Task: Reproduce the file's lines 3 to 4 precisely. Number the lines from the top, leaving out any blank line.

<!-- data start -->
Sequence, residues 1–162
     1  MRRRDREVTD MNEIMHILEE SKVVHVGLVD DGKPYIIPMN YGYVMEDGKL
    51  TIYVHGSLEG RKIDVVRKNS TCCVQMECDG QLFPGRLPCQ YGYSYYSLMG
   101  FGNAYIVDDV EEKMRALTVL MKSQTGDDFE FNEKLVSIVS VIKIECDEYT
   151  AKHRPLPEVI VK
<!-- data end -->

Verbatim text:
    51  TIYVHGSLEG RKIDVVRKNS TCCVQMECDG QLFPGRLPCQ YGYSYYSLMG
   101  FGNAYIVDDV EEKMRALTVL MKSQTGDDFE FNEKLVSIVS VIKIECDEYT